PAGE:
• Crypto-Mom, an SEC subsidiary, talks about the buy/sell method on Metapurse.
• US commissioners ask NFT investors to beware of scalping.
The top US regulator SEC seems to target the non-fungible token market recently. The regulator has been involved in the crypto world to prevent scams, Ponzi methods, and other senseless investments. However, many crypto fans claim that SEC is extremist with its measures.
NFT commerce made its debut in 2017 with the Ape monkey collection that promised to bring value to virtual pieces created by artists. In recent years, non-fungible fans can found pieces based on sports, gastronomy, art, music, and even video games.
SEC subsidiary calls for careful NFT investment
By March of last year, the SEC subsidiary Crypto-Mom bought some non-fungible pieces to prove that trading was reliable if NFTs were under their guidance. The company manager clarifies how the tokens have a “non-fungible” categorization.
This shows that their price is individual between pieces. But Crypto-mom said that enthusiasts have been very proactive in posting their virtual pieces.
However, the SEC-managed company said that investors should exercise caution when owning virtual pieces. Some non-fungible pieces could be staggeringly priced depending on the artist or context it arrives in, while others might not be worth a dime.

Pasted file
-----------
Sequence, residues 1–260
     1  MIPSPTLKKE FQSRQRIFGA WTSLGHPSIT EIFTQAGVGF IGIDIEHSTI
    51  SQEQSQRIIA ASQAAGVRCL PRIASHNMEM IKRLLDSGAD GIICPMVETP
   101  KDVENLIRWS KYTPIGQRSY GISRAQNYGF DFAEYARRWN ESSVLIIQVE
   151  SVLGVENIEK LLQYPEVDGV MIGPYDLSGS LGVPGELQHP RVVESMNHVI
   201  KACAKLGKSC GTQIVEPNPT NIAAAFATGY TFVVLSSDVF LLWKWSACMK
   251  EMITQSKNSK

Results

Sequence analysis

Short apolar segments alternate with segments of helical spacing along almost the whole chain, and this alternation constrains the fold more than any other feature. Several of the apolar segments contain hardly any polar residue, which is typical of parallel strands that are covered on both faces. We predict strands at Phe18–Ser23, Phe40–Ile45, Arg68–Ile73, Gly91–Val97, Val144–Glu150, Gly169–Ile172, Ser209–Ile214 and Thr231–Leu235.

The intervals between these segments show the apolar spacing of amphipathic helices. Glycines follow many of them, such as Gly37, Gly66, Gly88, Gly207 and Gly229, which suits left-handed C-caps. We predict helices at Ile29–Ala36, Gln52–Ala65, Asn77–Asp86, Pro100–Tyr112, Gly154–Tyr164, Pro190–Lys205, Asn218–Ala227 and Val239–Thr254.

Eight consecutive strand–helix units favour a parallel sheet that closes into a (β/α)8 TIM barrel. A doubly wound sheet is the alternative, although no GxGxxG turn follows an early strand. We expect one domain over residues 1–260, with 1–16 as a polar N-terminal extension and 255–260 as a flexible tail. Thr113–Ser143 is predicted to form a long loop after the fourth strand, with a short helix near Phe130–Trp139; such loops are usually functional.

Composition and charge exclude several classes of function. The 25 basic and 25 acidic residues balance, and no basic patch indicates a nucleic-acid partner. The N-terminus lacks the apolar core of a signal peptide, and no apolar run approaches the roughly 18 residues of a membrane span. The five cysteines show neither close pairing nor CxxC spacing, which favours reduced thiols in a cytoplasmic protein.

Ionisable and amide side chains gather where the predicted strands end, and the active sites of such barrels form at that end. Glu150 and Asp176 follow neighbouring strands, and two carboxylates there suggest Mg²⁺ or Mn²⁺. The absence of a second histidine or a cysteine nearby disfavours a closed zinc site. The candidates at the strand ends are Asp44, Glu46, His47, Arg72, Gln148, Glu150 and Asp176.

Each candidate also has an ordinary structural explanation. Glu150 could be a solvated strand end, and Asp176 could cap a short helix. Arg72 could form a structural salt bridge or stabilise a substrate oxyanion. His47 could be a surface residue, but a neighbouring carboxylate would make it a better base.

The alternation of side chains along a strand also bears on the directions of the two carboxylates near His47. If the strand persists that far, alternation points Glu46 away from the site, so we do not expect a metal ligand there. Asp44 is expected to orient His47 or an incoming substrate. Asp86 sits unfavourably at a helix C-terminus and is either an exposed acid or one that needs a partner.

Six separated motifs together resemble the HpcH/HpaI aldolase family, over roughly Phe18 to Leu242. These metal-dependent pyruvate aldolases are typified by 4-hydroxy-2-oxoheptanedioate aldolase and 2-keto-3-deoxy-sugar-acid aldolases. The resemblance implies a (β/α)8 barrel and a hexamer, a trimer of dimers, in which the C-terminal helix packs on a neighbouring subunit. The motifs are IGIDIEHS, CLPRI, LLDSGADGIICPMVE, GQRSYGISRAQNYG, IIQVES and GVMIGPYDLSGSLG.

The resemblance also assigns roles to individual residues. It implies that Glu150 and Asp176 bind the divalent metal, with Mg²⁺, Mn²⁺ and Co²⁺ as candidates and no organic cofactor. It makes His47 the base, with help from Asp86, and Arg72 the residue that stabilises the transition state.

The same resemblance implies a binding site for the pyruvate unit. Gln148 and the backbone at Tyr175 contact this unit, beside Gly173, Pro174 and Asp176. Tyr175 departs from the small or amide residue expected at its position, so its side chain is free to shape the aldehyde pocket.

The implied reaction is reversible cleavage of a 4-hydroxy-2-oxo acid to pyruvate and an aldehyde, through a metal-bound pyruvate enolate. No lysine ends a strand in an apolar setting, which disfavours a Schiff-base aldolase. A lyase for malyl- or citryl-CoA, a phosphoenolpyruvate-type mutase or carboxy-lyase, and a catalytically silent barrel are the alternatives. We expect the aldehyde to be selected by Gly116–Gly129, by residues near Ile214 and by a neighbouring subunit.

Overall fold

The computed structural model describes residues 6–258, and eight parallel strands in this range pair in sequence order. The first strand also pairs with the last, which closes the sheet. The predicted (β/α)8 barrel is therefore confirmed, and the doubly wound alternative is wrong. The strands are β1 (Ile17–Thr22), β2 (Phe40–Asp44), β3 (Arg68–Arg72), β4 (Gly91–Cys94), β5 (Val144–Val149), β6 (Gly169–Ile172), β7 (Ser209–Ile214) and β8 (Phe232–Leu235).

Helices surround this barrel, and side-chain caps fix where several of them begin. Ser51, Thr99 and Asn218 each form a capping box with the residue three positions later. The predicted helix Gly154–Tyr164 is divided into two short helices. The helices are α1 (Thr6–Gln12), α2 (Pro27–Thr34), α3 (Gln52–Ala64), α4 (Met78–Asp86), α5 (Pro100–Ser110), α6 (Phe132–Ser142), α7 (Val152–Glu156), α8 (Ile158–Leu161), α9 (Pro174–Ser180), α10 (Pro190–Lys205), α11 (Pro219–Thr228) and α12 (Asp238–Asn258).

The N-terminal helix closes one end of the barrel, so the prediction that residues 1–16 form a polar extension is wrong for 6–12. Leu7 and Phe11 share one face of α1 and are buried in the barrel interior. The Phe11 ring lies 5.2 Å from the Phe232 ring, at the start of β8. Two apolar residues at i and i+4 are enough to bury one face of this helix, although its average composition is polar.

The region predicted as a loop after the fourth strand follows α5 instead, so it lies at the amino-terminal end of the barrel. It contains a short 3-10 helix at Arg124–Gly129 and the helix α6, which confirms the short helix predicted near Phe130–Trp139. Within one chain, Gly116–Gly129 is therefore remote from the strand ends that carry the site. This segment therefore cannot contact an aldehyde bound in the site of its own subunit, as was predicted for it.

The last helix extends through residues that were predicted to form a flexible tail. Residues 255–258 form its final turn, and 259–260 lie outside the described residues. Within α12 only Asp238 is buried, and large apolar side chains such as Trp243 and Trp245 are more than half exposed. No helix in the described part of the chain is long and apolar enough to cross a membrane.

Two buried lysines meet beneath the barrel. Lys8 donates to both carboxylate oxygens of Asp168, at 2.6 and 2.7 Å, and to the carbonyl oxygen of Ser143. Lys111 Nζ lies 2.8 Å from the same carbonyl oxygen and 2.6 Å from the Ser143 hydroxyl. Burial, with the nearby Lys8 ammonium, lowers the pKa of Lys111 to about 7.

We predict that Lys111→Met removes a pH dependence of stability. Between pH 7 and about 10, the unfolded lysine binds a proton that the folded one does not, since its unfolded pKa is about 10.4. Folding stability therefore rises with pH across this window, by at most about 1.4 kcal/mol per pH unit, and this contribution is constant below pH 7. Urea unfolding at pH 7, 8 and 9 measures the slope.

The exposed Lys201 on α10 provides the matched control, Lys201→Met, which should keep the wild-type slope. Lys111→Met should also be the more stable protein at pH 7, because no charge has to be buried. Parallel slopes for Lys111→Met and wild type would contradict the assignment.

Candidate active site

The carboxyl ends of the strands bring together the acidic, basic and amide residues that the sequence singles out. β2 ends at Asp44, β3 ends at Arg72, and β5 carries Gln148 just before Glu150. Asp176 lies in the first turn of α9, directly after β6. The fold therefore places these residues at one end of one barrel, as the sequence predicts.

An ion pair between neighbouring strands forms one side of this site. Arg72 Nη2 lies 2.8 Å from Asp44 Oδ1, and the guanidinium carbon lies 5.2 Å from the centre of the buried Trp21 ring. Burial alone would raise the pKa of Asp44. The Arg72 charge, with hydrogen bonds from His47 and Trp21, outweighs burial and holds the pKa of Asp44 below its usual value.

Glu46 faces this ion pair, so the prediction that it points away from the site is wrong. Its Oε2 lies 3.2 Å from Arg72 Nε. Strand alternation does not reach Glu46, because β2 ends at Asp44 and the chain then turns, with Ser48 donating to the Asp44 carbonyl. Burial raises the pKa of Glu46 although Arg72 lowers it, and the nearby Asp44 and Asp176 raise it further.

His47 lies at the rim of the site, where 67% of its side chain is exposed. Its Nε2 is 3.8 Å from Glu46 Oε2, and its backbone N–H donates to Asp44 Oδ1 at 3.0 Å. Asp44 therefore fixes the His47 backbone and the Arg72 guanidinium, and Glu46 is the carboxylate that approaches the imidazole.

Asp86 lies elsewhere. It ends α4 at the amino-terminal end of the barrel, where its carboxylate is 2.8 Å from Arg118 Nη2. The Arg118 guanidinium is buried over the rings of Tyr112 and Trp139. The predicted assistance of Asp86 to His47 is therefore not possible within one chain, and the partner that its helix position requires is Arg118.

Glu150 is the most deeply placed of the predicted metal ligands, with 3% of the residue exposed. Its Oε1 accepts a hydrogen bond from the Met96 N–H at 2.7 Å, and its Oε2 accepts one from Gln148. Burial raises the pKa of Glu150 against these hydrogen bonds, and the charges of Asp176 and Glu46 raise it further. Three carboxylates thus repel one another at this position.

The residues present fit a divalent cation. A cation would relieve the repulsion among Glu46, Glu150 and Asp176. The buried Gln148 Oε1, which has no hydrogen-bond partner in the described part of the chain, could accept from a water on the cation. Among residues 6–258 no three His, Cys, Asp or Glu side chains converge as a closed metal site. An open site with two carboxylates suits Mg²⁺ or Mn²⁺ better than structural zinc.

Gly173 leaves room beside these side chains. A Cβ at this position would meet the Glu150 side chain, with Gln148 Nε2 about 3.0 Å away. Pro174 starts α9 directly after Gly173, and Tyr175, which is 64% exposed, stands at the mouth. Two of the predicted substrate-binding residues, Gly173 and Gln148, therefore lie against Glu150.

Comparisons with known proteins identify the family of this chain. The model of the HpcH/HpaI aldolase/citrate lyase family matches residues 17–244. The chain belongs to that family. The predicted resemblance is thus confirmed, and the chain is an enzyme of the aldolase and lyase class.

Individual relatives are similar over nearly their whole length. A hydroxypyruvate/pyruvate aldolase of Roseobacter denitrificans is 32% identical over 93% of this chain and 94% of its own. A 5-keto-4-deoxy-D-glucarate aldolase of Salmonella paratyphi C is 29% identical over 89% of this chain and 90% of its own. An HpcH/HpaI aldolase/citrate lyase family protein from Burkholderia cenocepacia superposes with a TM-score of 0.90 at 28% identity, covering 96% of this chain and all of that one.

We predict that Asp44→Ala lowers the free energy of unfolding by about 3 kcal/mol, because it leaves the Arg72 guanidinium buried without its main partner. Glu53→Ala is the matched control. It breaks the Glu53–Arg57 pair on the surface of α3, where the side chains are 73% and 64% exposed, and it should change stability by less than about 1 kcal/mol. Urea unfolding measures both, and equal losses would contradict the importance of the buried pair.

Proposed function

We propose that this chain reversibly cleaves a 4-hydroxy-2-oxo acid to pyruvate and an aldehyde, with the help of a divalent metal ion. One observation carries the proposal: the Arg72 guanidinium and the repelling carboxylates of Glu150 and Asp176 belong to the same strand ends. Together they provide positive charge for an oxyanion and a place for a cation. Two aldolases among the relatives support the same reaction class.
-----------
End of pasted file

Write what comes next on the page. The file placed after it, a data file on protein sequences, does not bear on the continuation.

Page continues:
Split in the NFTs price
Crypto-Mom, an agency linked to the SEC, talks in-depth about non-fungible trading and how the price of some pieces is segmented. The agency researched the latest auctions at Christie’s gallery, a priority for trade fans.
In previous months Christie’s had a great sale where it raised about $6 million for the auction of “Everydays: The First 5,000 Days.” Metakovan, an NFTs aficionado, reportedly purchased the photo album. It eventually emerged that Metakovan was just a middleman for Metapurse, an NFTs agency that launched its virtual auctions.
Metapurse stands out for being a prestigious NFTs buying/selling agency with million-dollar offers. Long before buying the Everyday artist’s collection, the website divided the “Beeple” auction valued at more than $6,000,000 to make the “Beeple #20” collection with the most representative pieces of the work, winning about $1.4 M.
According to the researchers, this indicates that the sale of the Beeple collection gained more popularity with Metapurse and its resale than originally at Christie’s. Under this analysis, the SEC agency again requests that the collection be studied to discover if it is a good investment or a resale that will only benefit the company that publishes it.
Christie’s will likely continue to suffer from these low-priced NFT purchases so that other competing agencies such as Metapurse will divide the collection between making an extra profit.